Curtis-Beauchamp Natural Area

Geology and Topography

Curtis-Beauchamp Natural Area is situated on a ridge and attendant slope near the western edge of the southern extension of the Mitchell karst plain. The area is characterised by Pennsylvanian age sandstone capped ridges and Mississippian age limestone in the valleys.There are numerous sinkholes and no permanent above ground streams. The ridges are underlain by an impermeable layer of loess called a fragipan. Consequently, drainage is horizontal rather than vertical and numerous seeps occur along the edge of the ridges.


Early settlers to the area encountered large treeless areas which they called "barrens". These barrens had a rich flora of prairie forbs and grasses. The old buffalo trace that ran from the Falls of the Ohio to Vincennes is located about two miles to the north of the property.

The property was purchased from the Beauchamp family about 1963. The severely eroded old field on the south end of the ridge was planted in pines. Several pits along the edge of the ridge are evidence that sandstone was mined at some time in the past.

Vascular Plants

From a wet-dry ridge forest to a mesic lowland forest, Curtis-Beauchamp has a diverse flora with over 360 species of vascular plants found to date. The diversity of plant species can be attributed, at least in part, to a variety of microhabitats. Several open areas, including a central limestone glade, provide habitat for prairie and glade species. There is a significant wetland component due to numerous seeps along the edge of the ridge. There are rock outcrops, both limestone and sandstone. The deep ravine that runs near the northwestern edge of the property has a good variety of spring wildflowers.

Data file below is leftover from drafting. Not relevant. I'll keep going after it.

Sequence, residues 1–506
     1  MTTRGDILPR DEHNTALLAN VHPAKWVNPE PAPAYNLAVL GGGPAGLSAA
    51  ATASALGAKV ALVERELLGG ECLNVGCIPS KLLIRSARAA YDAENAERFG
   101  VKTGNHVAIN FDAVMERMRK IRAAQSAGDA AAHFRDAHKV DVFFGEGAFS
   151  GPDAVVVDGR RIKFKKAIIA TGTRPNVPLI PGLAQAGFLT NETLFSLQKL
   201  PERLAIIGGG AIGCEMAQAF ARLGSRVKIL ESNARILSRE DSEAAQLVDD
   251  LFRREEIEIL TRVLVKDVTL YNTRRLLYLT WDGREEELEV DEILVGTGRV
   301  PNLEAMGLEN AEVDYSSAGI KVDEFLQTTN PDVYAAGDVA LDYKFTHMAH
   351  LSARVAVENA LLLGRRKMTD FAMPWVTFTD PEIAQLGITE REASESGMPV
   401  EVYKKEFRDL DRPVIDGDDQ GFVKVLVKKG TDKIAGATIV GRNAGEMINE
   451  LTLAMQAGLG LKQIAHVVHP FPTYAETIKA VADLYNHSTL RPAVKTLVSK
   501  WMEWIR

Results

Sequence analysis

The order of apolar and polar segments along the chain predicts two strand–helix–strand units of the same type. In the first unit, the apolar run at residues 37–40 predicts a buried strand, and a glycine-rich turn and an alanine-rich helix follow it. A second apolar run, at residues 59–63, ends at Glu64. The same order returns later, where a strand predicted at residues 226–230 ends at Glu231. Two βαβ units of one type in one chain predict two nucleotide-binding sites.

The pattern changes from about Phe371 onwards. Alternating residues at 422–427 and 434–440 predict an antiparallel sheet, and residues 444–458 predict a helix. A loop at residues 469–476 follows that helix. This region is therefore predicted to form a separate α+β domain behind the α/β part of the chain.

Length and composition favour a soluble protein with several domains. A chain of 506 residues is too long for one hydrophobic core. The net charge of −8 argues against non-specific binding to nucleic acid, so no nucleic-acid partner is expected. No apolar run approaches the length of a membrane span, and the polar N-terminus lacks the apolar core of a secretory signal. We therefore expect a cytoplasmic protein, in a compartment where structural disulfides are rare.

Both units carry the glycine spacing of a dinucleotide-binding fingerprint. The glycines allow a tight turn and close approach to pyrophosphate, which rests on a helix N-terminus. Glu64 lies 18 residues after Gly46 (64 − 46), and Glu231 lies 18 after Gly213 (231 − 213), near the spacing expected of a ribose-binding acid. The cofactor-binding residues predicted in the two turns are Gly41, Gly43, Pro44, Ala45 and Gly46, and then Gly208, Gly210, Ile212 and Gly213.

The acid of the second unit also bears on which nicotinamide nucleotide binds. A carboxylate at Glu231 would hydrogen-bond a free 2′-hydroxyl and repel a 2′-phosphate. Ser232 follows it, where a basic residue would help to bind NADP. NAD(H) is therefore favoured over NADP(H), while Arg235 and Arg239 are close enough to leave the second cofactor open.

One of only four populations of the state endangered Devil's-Bit (Chamaelirium luteum) is found here along with several other rare or uncommon species which include Early Ladies'-Tresses (Spiranthes vernalis), Hairy Small Skullcap (Scutellaria parvula var. australis) and Limestone Adder's Tongue (Ophioglossum englemannii). Nine species of native orchids have been found and Yellow Lady's Slipper has been reintroduced.

Endangered, Threatened and Rare Plant List

What's happening at Curtis-Beauchamp

Wildflower Pictures

Click on links below to go to thumbnail pages.

Spring Wildflowers

Summer Wildflowers

Late Summer and Fall Wildflowers


Dragonflies and Damselflies

Newest Lepidoptera find at Curtis-Beauchamp



Robber Flies


Invasive Plant Species

Several exotic or invasive plant species are found on the property. Japanese honeysuckle (Lonicera japonica), autumn olive (Elaeagnus umbellata) and silky lespedeza (Lespedeza cuneata) are the most serious and widespread. Others are ailanthus (Ailanthus altissima), white sweet clover (Meilotus alba), and wild carrot (Daucus carota).

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